Minnesota’s Kids Left Vulnerable, Landmark Online Protections Fail to Pass Legislature

For Immediate Release: May 22, 2023
Contact: Elsa Alvarado, elsa@brysongillette.com

The Age Appropriate Design Code Would Require Online Safety by Design and Default

ST. PAUL – The Minnesota Age Appropriate Design Code, legislation that would help protect the privacy and safety of children online, has failed to pass this legislative session, handing a significant loss to Minnesota’s kids and families that have consistently voiced their demand for this much-needed law. In a powerful display of support, concerned families took out a full-page advertisement in the Star Tribune, Minnesota’s largest newspaper, calling out Big Tech for fighting the bill and putting profits over kids.

Recent polling showed that 9 in 10 Minnesota voters want technology and social media companies to redesign their products to better protect children and teens online. The Minnesota Age Appropriate Design Code would require them to do that. 

“Big Tech has made it their mission to go against protecting children online. It’s extremely disappointing that they’re willing to put profits over our children,” said Rep. Kristin Bahner on the Minnesota House Floor on Monday. “When I talk to parents in my district – parents who are seeing their kids struggling with anxiety, depression and more – they are crying out for tools to protect their children online. Special interests may have won this battle, but they will not win the war.”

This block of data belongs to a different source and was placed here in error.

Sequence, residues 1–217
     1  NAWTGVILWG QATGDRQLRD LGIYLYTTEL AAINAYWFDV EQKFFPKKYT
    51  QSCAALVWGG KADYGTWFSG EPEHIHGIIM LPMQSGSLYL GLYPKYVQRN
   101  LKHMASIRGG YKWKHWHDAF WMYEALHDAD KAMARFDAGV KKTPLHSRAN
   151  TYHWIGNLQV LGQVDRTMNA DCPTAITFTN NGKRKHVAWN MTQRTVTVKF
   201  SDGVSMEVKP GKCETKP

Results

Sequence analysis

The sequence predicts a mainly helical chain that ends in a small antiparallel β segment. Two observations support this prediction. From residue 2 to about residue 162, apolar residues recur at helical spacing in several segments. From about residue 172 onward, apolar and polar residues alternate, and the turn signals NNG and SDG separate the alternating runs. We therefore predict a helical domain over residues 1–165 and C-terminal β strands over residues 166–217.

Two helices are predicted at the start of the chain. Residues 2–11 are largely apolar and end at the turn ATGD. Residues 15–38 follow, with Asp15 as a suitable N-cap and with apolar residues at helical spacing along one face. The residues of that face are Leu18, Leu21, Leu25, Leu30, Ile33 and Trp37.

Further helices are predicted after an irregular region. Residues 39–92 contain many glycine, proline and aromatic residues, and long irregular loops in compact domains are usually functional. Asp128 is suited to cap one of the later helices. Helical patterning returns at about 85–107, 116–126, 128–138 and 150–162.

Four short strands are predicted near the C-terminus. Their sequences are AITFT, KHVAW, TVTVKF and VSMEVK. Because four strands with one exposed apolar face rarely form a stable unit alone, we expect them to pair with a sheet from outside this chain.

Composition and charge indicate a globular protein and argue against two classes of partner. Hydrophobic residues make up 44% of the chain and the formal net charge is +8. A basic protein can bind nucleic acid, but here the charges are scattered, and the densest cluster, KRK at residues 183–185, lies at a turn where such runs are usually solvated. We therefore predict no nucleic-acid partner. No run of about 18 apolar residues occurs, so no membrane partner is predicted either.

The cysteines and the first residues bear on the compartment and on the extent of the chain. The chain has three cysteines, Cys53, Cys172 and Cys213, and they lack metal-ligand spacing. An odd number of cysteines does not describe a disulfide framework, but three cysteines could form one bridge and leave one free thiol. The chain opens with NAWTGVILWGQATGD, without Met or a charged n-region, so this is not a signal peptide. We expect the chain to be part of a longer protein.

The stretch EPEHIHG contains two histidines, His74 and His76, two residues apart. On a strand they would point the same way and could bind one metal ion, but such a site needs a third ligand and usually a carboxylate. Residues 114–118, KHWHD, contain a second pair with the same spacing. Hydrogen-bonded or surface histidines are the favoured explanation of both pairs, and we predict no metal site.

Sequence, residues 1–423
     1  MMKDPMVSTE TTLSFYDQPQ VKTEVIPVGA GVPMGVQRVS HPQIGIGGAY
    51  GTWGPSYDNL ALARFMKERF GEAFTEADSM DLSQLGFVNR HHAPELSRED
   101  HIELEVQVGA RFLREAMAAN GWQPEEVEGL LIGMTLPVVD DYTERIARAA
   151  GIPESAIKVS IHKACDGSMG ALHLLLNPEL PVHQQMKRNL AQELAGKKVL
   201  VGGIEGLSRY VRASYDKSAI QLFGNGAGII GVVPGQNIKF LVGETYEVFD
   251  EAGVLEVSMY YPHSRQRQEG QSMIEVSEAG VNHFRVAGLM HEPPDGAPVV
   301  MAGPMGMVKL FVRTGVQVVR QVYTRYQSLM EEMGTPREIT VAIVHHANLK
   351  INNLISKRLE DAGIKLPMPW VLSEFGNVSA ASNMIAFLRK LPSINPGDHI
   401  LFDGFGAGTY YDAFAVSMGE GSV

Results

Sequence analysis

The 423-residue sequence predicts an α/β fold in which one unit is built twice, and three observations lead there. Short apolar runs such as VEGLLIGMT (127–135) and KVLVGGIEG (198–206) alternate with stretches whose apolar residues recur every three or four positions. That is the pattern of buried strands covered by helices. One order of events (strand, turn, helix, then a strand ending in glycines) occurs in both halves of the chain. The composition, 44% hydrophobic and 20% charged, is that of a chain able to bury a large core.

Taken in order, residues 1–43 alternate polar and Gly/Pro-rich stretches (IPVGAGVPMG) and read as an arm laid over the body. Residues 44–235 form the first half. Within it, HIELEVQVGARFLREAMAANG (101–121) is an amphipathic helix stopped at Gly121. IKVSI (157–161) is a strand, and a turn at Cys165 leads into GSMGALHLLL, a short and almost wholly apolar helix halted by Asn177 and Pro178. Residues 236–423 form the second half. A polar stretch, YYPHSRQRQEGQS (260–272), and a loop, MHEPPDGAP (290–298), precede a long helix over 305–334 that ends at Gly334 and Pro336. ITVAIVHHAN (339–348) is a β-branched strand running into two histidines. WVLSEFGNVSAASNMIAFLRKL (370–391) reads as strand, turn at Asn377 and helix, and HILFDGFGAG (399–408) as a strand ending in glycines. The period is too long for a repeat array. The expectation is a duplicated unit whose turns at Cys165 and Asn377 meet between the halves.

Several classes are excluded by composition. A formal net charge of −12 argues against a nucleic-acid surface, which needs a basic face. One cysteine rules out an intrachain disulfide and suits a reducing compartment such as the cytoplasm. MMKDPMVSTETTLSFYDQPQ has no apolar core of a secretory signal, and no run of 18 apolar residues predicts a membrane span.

“For years, tech and social media companies have raked in billions in profits and opposed any sort of regulation by hiding behind their innocuous sounding  trade organizations like TechNet, NetChoice, and Chamber of Progress. It’s time we name and shame them – Google, Amazon, Meta, TikTok, Snapchat, and more are all responsible for the demise of this legislation,” said Shelby Knox, Campaign Director, ParentsTogether. “ We will keep fighting so Minnesota kids have the protections online that we all deserve.”

The Minnesota Age Appropriate Design Code (MN AADC) would require websites and online platforms to be designed in a manner that supports the well-being and privacy of children and teens.

For more information on the Minnesota Age Appropriate Design Code, please visit the website: https://minnesotakidscode.com/.